What about the very largest of these DNS resolvers? The following table lists these largest resolvers and their ability to perform DNSSEC validation. Of the largest 26 individual resolvers we saw in this exercise just 1 set of these resolvers that undertook DNSSEC validation, located in AS7922, and operated by Comcast.
|no||976241||AS4766||KIXS-AS-KR Korea Telecom||Republic of Korea|
|no||472735||AS15169||GOOGLE - Google Inc.||USA|
|no||330663||AS3462||HINET Data Communication Business Group||Taiwan|
|no||294053||AS3786||LGDACOM LG DACOM Corporation||Republic of Korea|
|no||274418||AS5384||Emirates Telecommunications||United Arab Emirates|
|no||228905||AS4134||CHINANET-BACKBONE No.31,Jin-rong Street||China|
|no||194865||AS9318||HANARO-AS Hanaro Telecom Inc.||Republic of Korea|
|no||145429||AS4837||CHINA169-BACKBONE CNCGROUP China169||China|
|yes||140211||AS7922||Comcast Cable Communications||USA|
|no||120063||AS4788||TM Net, Internet Service Provider||Malaysia|
|no||113965||AS3356||LEVEL3 Level 3 Communications||US|
|no||107524||AS9050||RTD ROMTELECOM S.A||Romania|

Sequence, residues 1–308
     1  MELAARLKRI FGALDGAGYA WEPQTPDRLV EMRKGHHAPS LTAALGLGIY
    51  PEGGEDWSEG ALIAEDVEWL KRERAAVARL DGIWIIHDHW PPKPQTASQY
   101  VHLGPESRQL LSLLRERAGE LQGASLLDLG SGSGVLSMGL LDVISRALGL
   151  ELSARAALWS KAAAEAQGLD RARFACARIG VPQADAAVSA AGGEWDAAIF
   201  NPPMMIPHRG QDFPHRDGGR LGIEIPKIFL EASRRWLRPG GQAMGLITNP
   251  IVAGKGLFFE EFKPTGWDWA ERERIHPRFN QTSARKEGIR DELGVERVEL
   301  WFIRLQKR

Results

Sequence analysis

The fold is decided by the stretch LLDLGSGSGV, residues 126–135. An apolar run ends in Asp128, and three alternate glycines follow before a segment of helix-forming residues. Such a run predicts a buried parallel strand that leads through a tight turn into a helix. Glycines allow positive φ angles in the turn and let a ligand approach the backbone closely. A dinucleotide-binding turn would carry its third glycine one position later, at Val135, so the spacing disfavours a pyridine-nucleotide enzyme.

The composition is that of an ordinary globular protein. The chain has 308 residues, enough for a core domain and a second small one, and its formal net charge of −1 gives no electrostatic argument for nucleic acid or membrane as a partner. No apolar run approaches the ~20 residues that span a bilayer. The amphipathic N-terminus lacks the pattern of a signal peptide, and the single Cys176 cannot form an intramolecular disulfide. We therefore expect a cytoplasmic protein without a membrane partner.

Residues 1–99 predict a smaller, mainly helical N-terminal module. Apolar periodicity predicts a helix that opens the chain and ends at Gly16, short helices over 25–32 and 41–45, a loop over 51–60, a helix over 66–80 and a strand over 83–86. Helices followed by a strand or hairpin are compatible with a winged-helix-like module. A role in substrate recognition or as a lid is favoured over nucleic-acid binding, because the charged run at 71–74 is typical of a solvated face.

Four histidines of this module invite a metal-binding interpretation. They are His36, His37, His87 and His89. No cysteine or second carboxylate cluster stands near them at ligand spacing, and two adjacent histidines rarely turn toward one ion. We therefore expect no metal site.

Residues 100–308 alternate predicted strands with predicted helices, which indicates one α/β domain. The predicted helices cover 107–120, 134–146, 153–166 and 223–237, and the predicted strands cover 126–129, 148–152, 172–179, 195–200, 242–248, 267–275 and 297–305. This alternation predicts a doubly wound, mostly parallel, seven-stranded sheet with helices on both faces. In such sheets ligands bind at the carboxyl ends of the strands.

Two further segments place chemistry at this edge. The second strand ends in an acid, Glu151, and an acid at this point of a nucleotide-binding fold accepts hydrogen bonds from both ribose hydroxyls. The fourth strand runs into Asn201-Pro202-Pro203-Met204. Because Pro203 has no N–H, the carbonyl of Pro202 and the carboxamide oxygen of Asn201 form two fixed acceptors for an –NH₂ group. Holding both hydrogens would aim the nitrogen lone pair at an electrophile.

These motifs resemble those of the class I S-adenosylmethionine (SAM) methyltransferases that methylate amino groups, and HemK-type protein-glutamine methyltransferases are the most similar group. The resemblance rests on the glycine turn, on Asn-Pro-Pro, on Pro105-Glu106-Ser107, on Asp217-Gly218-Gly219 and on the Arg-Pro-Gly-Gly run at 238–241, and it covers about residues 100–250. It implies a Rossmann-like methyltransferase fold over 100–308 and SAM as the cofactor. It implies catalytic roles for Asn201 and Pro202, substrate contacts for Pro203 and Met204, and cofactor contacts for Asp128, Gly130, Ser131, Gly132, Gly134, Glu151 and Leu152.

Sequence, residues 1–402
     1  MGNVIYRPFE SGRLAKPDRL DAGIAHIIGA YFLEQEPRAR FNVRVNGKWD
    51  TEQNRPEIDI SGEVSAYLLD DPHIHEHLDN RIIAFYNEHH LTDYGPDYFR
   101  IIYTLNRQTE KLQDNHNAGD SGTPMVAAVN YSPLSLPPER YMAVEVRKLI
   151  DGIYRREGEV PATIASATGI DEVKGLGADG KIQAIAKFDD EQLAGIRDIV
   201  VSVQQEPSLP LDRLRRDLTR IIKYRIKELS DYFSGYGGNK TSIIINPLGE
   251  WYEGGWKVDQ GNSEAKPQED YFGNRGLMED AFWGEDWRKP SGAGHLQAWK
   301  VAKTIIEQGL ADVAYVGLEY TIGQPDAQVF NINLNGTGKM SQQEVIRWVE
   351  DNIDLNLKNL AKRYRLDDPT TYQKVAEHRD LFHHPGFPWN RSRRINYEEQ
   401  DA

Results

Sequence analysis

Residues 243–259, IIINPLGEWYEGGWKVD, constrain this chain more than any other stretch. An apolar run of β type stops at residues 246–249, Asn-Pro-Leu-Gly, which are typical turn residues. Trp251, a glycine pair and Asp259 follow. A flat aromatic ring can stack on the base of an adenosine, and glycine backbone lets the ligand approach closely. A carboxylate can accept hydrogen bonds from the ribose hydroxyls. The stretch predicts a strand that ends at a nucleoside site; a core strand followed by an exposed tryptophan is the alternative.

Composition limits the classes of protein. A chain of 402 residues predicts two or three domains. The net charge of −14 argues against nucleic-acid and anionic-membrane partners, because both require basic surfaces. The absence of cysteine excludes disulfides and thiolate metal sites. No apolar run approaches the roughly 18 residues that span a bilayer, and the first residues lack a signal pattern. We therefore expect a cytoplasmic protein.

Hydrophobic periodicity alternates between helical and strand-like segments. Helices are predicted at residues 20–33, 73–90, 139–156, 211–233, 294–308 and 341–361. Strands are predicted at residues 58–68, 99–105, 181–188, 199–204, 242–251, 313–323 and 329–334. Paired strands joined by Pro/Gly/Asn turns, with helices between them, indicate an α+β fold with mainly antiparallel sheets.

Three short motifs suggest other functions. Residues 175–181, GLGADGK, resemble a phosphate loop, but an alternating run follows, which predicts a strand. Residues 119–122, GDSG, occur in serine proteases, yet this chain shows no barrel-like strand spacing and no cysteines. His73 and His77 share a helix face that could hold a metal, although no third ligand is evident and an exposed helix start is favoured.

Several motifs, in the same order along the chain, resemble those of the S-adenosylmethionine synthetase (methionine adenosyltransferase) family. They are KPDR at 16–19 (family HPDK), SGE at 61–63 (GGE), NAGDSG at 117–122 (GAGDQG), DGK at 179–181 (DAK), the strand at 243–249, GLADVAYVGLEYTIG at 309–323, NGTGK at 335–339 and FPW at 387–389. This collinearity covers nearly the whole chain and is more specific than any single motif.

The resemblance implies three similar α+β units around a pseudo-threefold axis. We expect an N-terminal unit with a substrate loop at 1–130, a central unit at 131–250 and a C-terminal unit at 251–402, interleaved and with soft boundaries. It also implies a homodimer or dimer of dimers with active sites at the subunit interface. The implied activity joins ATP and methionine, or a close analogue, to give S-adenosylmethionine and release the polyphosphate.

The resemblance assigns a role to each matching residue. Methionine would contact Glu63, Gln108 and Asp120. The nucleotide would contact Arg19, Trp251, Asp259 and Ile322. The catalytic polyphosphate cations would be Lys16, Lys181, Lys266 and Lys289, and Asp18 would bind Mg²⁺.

|no||100527||AS45595||PKTELECOM-AS-PK Pakistan Telecom Company||Pakistan|
|no||87825||AS6799||OTENET-GR (Hellenic Telecommunications)||Greece|
|no||86182||AS7470||TRUEINTERNET-AS-AP TRUE INTERNET Co.,Ltd.||Thailand|
|no||85917||AS17676||GIGAINFRA Softbank BB Corp.||Japan|
|no||83349||AS4713||OCN NTT Communications Corporation||Japan|
|no||82146||AS8781||QA-ISP Qatar Telecom (Qtel) Q.S.C.||Qatar|
|no||78339||AS9737||TOTNET-TH-AS-AP TOT Public Company Limited||Thailand|
|no||75510||AS9299||Philippine Long Distance Telephone||Philippines|
|no||71499||AS15557||LDCOMNET Societe Francaise Radiotelephone||France|
|no||69071||AS45758||TRIPLETNET-AS-AP TripleT Interne||Thailand|
|no||58219||AS36692||OPENDNS - OpenDNS, LLC||USA|